All the great religions speak about healing. Sometimes that means spiritual well-being and sometimes it means physical health. But even when it refers mostly to mental, emotional or spiritual wellness there is a widespread recognition that physical health is important to achieve that kind of wellness.
So faith communities historically have been behind many of the efforts to provide health care. It's hard (though not impossible), for instance, to name a hospital in the Kansas City area that doesn't have faith-based roots -- from St. Luke's (Episcopal) to Menorah (Jewish) to Shawnee Mission Medical Center (Seveth-Day Adventist) to St. Joseph Medical Center (Catholic).
And it's one reason my own congregation, Second Presbyterian Church, recently invited representatives of Kansas City Care Clinic (former the KC Free Clinic) to speak to an adult education class about the services the clinic provides to the city's needy citizens.
I was speaking at another church the day Kirk Isenhour and Sarah Baum from KC Care came to speak so I took the opportunity the other day to join a few other Second Church members for a tour of KC Care, just south of 35th and Broadway. Sarah showed us around.
It's quite an amazing place, and it depends on generous donations from individuals and others for a substantial portion of its budget.
Last year KC Care served nearly 11,000 patients with more than 100 full- and part-time staff members. Those numbers would not be possible if it were not for the nearly 1,000 volunteers who worked more than 46,000 hours over the year.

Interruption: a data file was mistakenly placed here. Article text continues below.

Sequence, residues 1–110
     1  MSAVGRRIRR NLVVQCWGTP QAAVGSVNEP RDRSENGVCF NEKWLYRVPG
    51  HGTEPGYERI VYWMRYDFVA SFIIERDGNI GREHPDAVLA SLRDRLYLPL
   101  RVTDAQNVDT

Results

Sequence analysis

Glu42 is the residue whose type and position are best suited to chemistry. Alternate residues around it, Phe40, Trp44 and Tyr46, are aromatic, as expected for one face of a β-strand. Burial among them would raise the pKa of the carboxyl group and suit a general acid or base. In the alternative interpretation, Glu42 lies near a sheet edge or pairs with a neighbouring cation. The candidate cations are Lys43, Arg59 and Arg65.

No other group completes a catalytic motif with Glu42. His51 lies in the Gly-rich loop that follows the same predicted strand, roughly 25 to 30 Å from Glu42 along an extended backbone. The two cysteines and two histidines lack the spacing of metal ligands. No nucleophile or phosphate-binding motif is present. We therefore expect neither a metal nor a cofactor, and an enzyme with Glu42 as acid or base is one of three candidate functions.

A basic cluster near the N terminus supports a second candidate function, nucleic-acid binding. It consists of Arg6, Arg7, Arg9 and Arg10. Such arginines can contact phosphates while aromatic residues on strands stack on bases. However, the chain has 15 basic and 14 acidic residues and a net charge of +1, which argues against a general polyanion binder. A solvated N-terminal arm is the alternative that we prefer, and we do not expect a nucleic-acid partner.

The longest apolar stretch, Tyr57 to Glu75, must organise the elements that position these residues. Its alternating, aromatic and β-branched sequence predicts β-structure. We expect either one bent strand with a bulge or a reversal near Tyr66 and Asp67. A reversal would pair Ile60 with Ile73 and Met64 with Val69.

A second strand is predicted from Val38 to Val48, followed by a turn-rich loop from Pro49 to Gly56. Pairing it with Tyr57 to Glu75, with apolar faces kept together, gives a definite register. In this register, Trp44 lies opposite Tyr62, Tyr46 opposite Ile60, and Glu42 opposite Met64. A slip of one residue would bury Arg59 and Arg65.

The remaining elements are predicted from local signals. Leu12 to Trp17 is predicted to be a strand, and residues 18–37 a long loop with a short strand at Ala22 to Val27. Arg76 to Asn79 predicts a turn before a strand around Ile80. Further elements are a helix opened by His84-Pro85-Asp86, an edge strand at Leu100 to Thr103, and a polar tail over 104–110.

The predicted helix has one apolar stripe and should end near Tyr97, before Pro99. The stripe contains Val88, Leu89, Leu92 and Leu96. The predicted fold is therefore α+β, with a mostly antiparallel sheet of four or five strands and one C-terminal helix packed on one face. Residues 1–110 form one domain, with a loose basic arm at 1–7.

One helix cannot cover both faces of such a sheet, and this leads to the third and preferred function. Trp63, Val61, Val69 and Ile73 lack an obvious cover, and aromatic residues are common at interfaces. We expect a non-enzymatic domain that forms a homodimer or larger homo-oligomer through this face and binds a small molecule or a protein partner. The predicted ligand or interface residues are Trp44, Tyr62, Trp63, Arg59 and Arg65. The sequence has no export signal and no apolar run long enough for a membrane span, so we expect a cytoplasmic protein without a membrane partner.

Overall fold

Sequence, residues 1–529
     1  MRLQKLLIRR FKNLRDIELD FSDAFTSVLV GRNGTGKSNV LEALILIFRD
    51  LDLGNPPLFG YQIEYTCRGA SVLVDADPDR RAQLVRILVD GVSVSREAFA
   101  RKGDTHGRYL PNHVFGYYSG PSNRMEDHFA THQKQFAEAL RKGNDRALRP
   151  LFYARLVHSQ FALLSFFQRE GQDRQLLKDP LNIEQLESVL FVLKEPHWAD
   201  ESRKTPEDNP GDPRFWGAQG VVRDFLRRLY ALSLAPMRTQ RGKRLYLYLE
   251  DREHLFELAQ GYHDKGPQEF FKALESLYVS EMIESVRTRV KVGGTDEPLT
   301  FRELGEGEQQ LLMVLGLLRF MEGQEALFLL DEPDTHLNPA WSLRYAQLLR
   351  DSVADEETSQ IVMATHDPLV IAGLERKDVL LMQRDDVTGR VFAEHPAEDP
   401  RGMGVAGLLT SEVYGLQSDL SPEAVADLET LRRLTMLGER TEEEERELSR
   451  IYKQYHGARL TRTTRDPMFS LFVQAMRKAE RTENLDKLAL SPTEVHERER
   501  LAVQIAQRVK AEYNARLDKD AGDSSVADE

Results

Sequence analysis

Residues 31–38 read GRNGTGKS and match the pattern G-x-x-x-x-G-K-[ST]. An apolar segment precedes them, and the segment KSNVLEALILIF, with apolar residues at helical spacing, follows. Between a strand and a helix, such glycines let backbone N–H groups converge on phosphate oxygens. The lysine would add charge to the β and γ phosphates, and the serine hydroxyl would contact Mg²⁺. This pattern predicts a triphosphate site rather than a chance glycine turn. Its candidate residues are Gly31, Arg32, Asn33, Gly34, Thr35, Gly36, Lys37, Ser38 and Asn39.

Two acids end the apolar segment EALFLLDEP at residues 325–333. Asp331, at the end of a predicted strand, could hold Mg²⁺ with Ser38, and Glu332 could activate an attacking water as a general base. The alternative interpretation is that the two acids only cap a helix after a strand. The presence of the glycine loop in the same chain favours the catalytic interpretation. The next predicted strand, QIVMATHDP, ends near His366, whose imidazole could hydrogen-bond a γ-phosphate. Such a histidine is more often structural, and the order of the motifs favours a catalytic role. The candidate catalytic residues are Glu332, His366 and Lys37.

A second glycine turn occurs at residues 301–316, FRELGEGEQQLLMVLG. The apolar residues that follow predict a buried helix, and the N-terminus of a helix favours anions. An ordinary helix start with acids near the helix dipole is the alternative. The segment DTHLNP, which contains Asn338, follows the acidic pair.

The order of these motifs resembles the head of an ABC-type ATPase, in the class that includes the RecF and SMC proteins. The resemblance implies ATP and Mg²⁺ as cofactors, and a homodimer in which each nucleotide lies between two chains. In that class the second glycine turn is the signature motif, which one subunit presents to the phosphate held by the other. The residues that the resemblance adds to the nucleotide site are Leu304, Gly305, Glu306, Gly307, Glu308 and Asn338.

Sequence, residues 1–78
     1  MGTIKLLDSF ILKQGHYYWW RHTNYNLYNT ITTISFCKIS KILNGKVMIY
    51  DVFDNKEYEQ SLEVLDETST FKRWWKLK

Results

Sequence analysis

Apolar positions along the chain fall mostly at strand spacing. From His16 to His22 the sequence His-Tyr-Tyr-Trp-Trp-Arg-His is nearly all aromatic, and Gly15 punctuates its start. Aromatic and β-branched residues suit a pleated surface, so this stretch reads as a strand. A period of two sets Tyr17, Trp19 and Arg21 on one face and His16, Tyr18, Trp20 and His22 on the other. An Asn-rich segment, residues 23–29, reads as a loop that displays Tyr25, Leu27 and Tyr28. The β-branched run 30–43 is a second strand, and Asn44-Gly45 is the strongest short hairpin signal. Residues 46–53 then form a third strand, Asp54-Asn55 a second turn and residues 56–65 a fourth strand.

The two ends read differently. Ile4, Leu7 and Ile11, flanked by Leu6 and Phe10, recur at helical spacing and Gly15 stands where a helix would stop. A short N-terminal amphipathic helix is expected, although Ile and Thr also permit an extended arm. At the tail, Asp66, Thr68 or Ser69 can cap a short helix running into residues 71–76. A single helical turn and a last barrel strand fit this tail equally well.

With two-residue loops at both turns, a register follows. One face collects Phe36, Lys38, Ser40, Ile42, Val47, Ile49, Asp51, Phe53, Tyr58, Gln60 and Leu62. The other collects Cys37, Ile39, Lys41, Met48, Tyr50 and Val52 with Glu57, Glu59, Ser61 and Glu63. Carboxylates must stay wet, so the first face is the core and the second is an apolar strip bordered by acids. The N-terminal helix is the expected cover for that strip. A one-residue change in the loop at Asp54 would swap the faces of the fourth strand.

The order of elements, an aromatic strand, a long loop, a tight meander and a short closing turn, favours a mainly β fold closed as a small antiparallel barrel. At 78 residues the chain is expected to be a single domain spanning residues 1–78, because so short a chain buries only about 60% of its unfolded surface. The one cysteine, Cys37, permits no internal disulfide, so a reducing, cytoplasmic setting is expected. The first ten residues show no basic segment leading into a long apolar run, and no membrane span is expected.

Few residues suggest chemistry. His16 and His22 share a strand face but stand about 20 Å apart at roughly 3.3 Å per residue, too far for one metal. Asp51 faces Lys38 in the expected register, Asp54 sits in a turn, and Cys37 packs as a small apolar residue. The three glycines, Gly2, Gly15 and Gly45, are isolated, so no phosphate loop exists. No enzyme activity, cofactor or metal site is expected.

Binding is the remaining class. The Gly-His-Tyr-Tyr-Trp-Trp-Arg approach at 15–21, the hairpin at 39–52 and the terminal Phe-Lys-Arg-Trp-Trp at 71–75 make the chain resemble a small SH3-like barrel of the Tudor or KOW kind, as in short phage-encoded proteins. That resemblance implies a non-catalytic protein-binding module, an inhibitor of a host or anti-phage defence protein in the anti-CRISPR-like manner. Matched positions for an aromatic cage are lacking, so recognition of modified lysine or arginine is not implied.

KC Care began in 1971 as the Westport Free Health Clinic, and has grown and changed over the years as conditions and needs have changed.
Recently it has adapted again, this time because of the passage of the Affordable Care Act, or Obamacare. Until now, the clinic served only people who had no health insurance. Now it accepts patients on Medicaid, and has removed the word "free" from its name.
KC Care fills a big need in our community, and although its roots are secular in nature, it is doing the very kind of work that faith communities support -- healing.
So if your congregation is looking for ways to get behind the work of healing, its leaders should look into KC Care.
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75 YEARS AFTER KRISTALLNACHT, IT'S NOT OVER
So you're thinking that maybe amtisemitism is dead in the U.S.? Think again. Have a look at what's been happening in a school district north of New York City, according to this New York Times report. As the song says, children must be taught to hate. Wonder who's been teaching them.